To end this cycle of the brightest African students choosing more established European universities TReND aims to encourage elite universities in Africa.  Technology itself can be the solution to the prohibitive price of modern science and so TReNDs founder, Tom Baden, proposes that advances in 3D printing technologies can be used to print lab equipment on location, wherever it may be.  This is a fairly novel idea, given the complexity and sophistication of even low end lab equipment, especially when you consider that even these advanced machines are calibrated against higher standards, how could you validate the precision of a 3D printed pipette, when it’s the only pipette you have? Fortunately we can be fairly sure that this is only a short term problem as a huge number of ready to be printed 3D software models from Frisbees to phone cases are available for free online, for anyone with a 3D printer to download and get printing. This is the open-hardware movement, a named coined from the open-source movement that drives innovation in software design, and what it means is that anyone can download, tinker with and upload a design to fix and develop it. Think of it like crowd innovation where users are directly invested in the final product.  This has massive advantages for TReND because in the future it would circumvent the need for shipping lab equipment and obliterate the previous costs.  And, by providing 3D printers and classes in coding and computer science, allow students to print what they need for themselves, without relying on pre-fabricated models.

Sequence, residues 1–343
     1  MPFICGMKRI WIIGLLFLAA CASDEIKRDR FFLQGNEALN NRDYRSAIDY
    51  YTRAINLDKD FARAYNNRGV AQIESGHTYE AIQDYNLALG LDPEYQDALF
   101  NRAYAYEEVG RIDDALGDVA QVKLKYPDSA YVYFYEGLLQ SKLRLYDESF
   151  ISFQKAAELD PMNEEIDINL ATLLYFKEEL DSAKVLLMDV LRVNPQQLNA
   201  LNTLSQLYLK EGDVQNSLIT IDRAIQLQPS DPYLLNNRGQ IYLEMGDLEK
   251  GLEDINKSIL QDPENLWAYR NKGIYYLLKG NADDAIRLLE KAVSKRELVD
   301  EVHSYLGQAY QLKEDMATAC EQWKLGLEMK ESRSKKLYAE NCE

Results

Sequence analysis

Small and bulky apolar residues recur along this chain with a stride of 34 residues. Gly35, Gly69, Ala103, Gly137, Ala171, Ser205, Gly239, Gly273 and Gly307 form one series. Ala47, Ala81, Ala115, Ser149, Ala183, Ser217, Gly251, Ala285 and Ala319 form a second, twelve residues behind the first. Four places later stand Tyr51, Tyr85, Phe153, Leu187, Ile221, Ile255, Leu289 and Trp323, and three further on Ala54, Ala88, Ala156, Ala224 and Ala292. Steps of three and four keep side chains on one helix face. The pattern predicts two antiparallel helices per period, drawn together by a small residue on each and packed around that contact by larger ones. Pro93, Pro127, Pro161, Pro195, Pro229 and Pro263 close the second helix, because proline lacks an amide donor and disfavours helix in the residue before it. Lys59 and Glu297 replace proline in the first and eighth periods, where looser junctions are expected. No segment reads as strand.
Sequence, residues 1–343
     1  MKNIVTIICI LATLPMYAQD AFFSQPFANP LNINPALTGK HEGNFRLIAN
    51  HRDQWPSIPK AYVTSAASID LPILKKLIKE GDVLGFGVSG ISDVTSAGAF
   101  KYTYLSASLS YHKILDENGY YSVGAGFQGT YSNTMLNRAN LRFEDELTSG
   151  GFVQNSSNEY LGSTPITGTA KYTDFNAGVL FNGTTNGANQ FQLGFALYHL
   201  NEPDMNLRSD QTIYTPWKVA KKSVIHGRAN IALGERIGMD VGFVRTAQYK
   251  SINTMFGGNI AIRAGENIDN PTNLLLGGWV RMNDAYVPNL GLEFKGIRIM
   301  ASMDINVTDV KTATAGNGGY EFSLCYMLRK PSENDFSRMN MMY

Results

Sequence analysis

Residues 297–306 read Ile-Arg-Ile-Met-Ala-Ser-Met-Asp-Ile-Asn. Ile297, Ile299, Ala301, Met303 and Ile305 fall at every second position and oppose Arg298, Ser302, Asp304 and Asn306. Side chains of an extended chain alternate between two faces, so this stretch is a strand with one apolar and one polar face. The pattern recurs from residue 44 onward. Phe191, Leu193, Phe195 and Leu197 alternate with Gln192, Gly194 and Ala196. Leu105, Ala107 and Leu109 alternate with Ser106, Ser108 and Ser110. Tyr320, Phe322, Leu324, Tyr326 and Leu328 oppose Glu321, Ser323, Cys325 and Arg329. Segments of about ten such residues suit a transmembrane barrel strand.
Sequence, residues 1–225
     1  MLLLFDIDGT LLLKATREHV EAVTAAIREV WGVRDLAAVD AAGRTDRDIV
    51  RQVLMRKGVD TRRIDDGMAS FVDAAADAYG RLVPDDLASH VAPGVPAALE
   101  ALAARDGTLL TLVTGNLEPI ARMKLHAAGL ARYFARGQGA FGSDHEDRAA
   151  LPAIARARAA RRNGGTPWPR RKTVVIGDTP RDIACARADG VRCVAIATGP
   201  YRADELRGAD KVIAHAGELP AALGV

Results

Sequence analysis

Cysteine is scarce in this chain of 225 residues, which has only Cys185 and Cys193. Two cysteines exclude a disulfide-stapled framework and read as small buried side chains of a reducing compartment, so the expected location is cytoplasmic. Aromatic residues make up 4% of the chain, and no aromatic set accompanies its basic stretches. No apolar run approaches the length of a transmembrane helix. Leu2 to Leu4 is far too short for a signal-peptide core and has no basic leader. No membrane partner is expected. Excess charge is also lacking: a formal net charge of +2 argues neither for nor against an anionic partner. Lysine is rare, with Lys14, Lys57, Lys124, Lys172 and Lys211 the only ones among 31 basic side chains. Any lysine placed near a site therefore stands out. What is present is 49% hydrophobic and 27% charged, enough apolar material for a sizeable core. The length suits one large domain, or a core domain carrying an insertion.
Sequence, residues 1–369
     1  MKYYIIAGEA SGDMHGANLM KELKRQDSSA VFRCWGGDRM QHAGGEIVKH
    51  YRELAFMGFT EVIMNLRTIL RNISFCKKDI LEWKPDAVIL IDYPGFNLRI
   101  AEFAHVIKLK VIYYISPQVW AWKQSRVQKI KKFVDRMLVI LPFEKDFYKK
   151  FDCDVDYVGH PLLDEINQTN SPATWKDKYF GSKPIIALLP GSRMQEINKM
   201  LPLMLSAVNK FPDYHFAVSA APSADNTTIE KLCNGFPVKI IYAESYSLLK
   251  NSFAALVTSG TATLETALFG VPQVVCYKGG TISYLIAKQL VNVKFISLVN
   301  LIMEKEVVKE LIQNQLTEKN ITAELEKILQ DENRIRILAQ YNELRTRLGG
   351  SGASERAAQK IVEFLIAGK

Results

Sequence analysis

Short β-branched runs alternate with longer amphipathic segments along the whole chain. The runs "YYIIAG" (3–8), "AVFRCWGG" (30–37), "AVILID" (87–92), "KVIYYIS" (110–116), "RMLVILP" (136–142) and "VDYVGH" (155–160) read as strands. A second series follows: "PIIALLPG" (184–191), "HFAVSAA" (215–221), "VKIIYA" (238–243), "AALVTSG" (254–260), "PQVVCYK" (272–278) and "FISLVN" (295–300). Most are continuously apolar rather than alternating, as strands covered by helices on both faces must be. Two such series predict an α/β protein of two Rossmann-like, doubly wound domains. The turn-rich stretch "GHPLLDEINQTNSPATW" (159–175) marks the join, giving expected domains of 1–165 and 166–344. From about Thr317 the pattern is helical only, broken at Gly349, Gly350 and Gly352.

This approach worked well during the rise of some of the most widely used software in the world –FireFox and Linux and Android, to name a few—as software developers were the first to harness the potential of open-source. Their idea was to spread understanding of coding, with the added benefit of users being able to customise a product exactly to their needs.  Why not apply this to science as well?  With the lowering cost of 3D printers and the incredible convenience of the system, some people suspect we may be entering a new industrial era, it is just waiting for more precise 3D printers and printable materials beyond the standard plastics. If this is achieved it could bypass the lack of industry in Africa by enabling them to print-manufacture for themselves.  Open-source lab equipment is already here, and Tom Baden among others is working towards a 3D printed laboratory toolkit that so far includes a pipette accurate to 1ml and a fluorescent microscope capable of supporting simultaneous optogenetic stimulation, that was made for less than $100. For some perspective a new upright light microscope with no extras from Zeiss will set you back the princely sum of €17,177.65, which means you could lose of break your printable microscope one hundred and seventy times, and by its 170th iteration, who knows what else it could do?